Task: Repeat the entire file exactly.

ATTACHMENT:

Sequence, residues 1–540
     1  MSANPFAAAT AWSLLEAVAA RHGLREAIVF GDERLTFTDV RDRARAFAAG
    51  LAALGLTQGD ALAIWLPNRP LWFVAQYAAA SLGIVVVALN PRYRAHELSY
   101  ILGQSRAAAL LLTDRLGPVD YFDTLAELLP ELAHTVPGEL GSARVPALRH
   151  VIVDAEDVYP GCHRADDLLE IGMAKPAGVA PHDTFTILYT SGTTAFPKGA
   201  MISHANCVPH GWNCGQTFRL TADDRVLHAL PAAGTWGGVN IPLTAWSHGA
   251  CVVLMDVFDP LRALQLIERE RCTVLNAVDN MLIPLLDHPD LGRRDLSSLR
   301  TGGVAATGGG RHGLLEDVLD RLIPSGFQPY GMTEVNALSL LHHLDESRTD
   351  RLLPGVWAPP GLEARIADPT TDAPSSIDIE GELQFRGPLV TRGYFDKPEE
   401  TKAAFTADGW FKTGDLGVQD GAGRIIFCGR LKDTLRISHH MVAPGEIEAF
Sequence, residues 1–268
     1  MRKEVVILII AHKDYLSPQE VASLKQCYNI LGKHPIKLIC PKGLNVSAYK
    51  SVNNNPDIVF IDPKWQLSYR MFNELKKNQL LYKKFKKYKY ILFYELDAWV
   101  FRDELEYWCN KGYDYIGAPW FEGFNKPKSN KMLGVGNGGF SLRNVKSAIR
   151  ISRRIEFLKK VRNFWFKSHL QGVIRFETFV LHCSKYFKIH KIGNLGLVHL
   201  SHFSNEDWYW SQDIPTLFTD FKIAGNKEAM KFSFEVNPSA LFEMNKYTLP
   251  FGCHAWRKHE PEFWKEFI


Sequence, residues 1–540
     1  MSANPFAAAT AWSLLEAVAA RHGLREAIVF GDERLTFTDV RDRARAFAAG
    51  LAALGLTQGD ALAIWLPNRP LWFVAQYAAA SLGIVVVALN PRYRAHELSY
   101  ILGQSRAAAL LLTDRLGPVD YFDTLAELLP ELAHTVPGEL GSARVPALRH
   151  VIVDAEDVYP GCHRADDLLE IGMAKPAGVA PHDTFTILYT SGTTAFPKGA
   201  MISHANCVPH GWNCGQTFRL TADDRVLHAL PAAGTWGGVN IPLTAWSHGA
   251  CVVLMDVFDP LRALQLIERE RCTVLNAVDN MLIPLLDHPD LGRRDLSSLR
   301  TGGVAATGGG RHGLLEDVLD RLIPSGFQPY GMTEVNALSL LHHLDESRTD
   351  RLLPGVWAPP GLEARIADPT TDAPSSIDIE GELQFRGPLV TRGYFDKPEE
   401  TKAAFTADGW FKTGDLGVQD GAGRIIFCGR LKDTLRISHH MVAPGEIEAF
Sequence, residues 1–268
     1  MRKEVVILII AHKDYLSPQE VASLKQCYNI LGKHPIKLIC PKGLNVSAYK
    51  SVNNNPDIVF IDPKWQLSYR MFNELKKNQL LYKKFKKYKY ILFYELDAWV
   101  FRDELEYWCN KGYDYIGAPW FEGFNKPKSN KMLGVGNGGF SLRNVKSAIR
   151  ISRRIEFLKK VRNFWFKSHL QGVIRFETFV LHCSKYFKIH KIGNLGLVHL
   201  SHFSNEDWYW SQDIPTLFTD FKIAGNKEAM KFSFEVNPSA LFEMNKYTLP
   251  FGCHAWRKHE PEFWKEFI